Ha shows his versatility in ‘Chronicle’
But the 37-year-old actor has never attempted to take on two roles at the same time - until recently when he directed and starred in “Chronicle of a Blood Merchant,” a film based on best-selling Chinese novelist Yu Hua’s book of the same title.
“I prayed every day that the movie would work out well,” Ha told the JoongAng Ilbo, an affiliate of the Korea JoongAng Daily, in a recent interview.
The movie, which opened on Jan. 14 in domestic theaters, is a family drama set in the 1950s. It features actor Ha as Heo Sam-kwan, who sells blood to earn a living for his family, including his beautiful wife Ok-ran (Ha Ji-won) and three children. They lead a happy life - until Heo realizes that his first son is not his own.
“In my directorial debut ‘Fasten Your Seatbelt’ , I realized that I made a movie that was only enjoyable to me, which in part was because my directions to the actors were insufficient,” he said.
“Since I was the actor in ‘Chronicle,” there were no such misunderstandings.”
Being prepared to the fullest as a director prior to shooting was Ha’s strategy in pulling off his acting role. He revealed that he shot 70 percent of the movie with a handheld camera by himself before production began.
When asked about any difficulties he went through in playing the role of a father as a single man with no children in real life, Ha said, “I didn’t consider the kids as my children, but as best friends. I felt that the emotion of love remains the same.”
Ha said he felt strong affection for Yu’s original novel when asked about his first impressions of the book.
“'I asked myself, ‘How can a character like Heo exist?’ His multidimensional aspects as well as his way of speaking and making jokes by playing with words all likened to my own style.”
Ha kept most of the synopsis intact, except some of the nation-specific parts such as the backdrop of the Chinese Cultural Revolution in the original book.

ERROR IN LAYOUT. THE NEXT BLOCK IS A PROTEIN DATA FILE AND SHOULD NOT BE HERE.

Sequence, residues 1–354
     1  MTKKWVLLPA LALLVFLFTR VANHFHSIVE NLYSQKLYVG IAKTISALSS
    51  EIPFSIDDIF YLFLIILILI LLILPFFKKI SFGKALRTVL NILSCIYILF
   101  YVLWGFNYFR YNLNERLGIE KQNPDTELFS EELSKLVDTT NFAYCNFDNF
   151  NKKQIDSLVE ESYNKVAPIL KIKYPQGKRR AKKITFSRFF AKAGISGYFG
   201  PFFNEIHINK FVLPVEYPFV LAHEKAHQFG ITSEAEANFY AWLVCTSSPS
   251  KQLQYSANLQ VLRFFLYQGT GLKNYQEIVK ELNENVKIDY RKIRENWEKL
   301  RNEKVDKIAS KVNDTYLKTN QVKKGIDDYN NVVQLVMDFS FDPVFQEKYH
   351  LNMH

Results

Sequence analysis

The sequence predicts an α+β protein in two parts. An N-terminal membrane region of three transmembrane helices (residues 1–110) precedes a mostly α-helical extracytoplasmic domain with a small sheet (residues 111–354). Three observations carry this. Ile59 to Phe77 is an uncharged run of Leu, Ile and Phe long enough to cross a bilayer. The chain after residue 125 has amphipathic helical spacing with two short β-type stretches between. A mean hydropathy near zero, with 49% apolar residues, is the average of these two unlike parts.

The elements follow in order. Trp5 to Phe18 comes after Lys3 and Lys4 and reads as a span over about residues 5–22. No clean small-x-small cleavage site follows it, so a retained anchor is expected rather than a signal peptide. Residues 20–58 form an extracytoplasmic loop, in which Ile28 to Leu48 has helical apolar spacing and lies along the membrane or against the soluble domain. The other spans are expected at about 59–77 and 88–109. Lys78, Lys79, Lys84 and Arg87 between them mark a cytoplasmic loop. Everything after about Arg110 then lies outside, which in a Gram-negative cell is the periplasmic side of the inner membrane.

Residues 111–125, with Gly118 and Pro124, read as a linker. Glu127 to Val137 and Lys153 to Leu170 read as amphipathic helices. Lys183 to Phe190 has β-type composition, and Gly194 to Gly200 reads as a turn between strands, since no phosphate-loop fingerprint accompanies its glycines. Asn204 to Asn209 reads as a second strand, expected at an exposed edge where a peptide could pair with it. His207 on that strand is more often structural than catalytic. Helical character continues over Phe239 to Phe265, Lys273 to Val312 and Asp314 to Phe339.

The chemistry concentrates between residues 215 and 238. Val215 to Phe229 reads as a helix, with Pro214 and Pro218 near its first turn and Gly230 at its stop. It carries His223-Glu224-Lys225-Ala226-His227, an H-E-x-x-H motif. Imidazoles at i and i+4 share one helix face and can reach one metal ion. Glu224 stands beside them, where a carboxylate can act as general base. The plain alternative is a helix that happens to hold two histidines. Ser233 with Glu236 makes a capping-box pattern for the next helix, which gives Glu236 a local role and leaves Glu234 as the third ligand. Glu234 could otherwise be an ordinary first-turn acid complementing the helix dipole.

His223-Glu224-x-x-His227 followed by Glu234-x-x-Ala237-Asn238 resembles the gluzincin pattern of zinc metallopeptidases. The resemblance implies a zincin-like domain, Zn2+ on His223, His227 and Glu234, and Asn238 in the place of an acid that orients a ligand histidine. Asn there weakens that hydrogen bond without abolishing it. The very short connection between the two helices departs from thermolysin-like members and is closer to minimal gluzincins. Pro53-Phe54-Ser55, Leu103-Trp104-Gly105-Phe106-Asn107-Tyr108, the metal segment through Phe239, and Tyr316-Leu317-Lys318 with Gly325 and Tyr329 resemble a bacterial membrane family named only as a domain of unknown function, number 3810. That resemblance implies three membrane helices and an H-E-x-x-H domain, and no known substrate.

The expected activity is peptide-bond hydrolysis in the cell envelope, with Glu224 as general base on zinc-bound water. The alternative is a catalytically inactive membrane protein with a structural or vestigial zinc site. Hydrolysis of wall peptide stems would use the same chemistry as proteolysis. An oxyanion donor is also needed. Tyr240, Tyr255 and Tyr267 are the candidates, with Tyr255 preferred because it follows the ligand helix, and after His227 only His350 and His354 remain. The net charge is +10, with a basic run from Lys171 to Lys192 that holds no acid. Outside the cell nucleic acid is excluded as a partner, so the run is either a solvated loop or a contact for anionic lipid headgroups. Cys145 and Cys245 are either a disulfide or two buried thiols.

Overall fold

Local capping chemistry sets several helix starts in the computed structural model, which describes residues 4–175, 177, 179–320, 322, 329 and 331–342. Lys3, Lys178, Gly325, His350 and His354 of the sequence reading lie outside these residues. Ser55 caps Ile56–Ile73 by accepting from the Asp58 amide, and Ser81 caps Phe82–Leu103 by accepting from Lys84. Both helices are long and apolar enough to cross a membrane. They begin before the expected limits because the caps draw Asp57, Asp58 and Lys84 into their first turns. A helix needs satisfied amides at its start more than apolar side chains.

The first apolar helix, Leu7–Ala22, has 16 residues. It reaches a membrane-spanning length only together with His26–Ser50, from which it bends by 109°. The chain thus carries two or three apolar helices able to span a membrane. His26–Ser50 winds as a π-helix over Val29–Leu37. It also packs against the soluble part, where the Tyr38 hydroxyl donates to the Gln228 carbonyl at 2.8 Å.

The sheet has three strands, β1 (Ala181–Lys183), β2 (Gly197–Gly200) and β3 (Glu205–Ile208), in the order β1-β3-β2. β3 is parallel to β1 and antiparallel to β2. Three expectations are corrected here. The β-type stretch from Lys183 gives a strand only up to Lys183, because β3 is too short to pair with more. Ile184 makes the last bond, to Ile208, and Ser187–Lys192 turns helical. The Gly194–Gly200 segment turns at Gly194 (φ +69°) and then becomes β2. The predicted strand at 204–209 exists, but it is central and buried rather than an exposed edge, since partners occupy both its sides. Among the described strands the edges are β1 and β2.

Although not many changes were needed, compressing a story that spans for more than 20 years into a two-hour movie was still difficult. Seven back-up scripts show how laboring and painstaking it would have been for Ha to adapt the book.
“I got advice from directors I know,” he revealed. “Some told me that an abrupt transition into a serious drama from a comedy [in the film] was a bit awkward. But I believed it was the easiest structure that the audience would understand.”
He replaced the Cultural Revolution setting with Gongju, Chungnam, in the 1950s in order to avoid potential political controversies, which have been abundant in the movie scene recently. The 1950s in Korea was relatively free of acute social issues compared to the 1970s and 1980s.
“When I looked at the historical records, it [the 1950s] was suitable as the backdrop for a movie because there were reminders of the U.S. army in the streets and in what people of the time wore even after America pulled out of the Korean Peninsula, which I thought was pretty cinematic,” Ha said. “It was for sure a hard time, but I wanted to reflect that nostalgic mood into the movie, which is why I put a lot of effort into building the sets.”
Ha said his role model as a director is Woody Allen. “I believe that filmmakers should make a fantasy for the people distressed in harsh reality,” he said. “I want to make a fun movie that can touch people’s hearts.”
The movie is currently screening at local theaters.
BY KIM HYO-EUN, JIN EUN-SOO [firstname.lastname@example.org]